“You did what?” the ER Doc said. “Your dog hit you?”
“And broke your head?”
“Excuse me then, while I step outside the curtain…and laugh into my fist until tears reach my eyes.”

What followed were not easy days. Sunlight was my enemy. My balance was that of a bobblehead. The news was full of people who should know better prepping for a war at the North Pole and drowning dogs for fun.

But the vacation must go on! And so of course, two days later, Otis badly split his paw on a seashell up a beautiful Maine inlet, and after a day of bleeding all over and an unsuccessful attempt at a backyard repair, got six stitches and a plastic collar. He’s now limping around on three legs with a doleful look that neatly mirrors mine. Our cozy living room is an ICU.

“For our next vacation,” I told AJ, “we’re just going to get in the car and sit in the driveway and pretend we went somewhere.”
“And you’ll wear a helmet,” she said.
“Deal,” I agreed.

Now AJ is writing about a guy whose legal name, no lie, is LordPharaoh ImHotepAmonRa. I’m laying low until the headaches fade a bit more, but also prepping for a magic ceremony of my own devising, in which I will call on the ancestral spirits to eradicate these unnecessary injuries. Yo, spirits, let’s work it. Also, I’ll ask them if they can get me a lower rate on my Mastercard bill. To all the people who I knew back in the day and have read the NYTimes piece and have written an email, I just want to say thank you. Really, it’s been a pleasure to get back in touch with you. Also, beware of airborne dogs.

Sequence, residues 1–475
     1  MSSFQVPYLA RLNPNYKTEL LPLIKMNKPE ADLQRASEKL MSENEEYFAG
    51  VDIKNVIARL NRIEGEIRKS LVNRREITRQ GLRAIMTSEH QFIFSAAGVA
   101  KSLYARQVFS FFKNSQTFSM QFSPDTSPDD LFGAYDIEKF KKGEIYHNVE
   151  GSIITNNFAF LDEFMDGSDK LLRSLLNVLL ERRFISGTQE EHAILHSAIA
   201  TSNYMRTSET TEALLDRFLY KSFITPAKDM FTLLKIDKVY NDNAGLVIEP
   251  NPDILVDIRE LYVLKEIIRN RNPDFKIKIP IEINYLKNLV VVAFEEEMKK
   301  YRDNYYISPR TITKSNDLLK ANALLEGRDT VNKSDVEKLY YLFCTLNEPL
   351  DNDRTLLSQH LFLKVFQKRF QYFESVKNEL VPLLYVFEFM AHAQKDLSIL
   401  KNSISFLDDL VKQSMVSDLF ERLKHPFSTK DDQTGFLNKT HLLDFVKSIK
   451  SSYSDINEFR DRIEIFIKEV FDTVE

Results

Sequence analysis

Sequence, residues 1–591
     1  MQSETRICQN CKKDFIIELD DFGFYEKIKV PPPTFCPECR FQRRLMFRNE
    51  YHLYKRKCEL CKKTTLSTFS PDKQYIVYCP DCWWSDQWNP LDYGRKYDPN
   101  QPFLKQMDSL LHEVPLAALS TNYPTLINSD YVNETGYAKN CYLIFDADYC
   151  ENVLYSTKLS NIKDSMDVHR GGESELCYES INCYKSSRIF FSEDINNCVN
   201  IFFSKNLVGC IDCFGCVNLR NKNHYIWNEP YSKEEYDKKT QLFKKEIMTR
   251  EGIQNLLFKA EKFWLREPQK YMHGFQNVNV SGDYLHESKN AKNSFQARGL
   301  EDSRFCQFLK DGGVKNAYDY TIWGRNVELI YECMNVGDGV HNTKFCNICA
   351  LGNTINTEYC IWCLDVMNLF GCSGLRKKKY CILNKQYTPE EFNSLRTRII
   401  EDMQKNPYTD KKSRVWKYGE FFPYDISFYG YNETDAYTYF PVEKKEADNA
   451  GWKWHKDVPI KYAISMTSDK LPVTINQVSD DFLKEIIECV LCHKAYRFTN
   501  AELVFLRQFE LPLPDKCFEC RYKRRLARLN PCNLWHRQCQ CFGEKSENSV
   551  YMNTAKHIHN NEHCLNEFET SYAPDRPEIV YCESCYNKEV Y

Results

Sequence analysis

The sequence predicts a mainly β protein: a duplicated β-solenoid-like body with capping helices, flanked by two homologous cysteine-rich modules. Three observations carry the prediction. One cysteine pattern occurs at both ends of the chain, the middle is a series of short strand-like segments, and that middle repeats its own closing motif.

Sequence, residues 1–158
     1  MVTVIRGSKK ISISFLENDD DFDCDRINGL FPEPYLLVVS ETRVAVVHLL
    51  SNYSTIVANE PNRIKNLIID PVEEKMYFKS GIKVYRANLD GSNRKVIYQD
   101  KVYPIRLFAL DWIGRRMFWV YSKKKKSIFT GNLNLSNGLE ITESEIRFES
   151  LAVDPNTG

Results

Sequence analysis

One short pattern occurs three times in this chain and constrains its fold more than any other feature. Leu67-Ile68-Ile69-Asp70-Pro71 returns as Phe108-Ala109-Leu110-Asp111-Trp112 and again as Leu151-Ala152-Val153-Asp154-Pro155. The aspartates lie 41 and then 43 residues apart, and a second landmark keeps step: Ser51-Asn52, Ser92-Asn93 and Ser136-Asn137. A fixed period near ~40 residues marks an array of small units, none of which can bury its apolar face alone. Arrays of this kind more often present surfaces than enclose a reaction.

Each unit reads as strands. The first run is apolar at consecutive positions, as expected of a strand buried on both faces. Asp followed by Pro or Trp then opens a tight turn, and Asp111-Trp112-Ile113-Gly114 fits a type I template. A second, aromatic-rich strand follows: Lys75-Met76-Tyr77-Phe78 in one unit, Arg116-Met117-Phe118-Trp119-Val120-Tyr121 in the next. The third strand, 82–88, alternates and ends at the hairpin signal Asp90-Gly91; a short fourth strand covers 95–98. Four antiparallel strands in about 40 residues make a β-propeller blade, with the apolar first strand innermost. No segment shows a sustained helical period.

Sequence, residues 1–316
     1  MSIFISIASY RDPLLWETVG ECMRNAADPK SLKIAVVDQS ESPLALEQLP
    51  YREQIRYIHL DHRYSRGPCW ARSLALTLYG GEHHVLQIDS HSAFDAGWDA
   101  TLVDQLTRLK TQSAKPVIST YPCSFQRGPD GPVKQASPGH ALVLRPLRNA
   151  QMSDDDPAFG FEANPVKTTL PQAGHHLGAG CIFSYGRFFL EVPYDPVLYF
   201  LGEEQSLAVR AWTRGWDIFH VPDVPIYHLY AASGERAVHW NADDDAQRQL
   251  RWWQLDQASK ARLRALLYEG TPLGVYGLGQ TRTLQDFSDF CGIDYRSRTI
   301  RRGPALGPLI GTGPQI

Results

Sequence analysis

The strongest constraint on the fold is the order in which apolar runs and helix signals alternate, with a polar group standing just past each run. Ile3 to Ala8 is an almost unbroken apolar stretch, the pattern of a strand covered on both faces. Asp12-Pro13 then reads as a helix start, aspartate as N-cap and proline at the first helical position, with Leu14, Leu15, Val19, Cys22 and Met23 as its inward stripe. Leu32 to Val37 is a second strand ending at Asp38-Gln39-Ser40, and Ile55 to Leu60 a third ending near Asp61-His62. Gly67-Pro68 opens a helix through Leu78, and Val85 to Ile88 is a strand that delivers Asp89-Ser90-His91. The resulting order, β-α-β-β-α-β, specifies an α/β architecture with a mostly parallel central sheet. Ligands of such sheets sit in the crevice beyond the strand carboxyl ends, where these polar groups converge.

Friday, August 17, 2007

Promotional Post Number Four

Lots happening since I posted last, including a skull fracture. I was going to write about that earlier but all had to say about it was "hey, who's ringing the doorbell?" and then "ow" over and over and over. But my head's clearing and I'll post soon.

In the meantime: Outside Magazine has listed The Unheard as part of their required reading for the fall along with a book by some dude named Paul Theroux.

Monday, August 06, 2007

New York Times

Times piece is up! Big thanks to everyone who's sent a note along.

Friday, August 03, 2007

Cochbla's Greatest Hits

Cochbla (aka Cochlear Implant Blog)was started in August 2005 so friends and family could follow my and my brother Sam's Cochlear implant surgeries and our progress afterwards.

To welcome any people coming over from herewith a listing of some earlier posts.

The First Post

The Rev. Jesse Jackson Checks In

The Wisdom of Michael Jackson

I knows you been down, Foxy Brown

The Miracle of the Bush League Palate, Cleansed


Finally, here's a link to an essay I wrote about Implants and Idols for the Washington Post.


It's up!

After much feverish last minute work (pretty much all of it done by the amazing Jason Liebman) is finally up and running! We still have text to add and kinks to iron out but there's lots of interesting stuff there -- more information on the book of course, but also pictures from Zambia, links to organizations that are working with the disabled in Africa and more.

Thursday, August 02, 2007

Waiting. With Frog Poster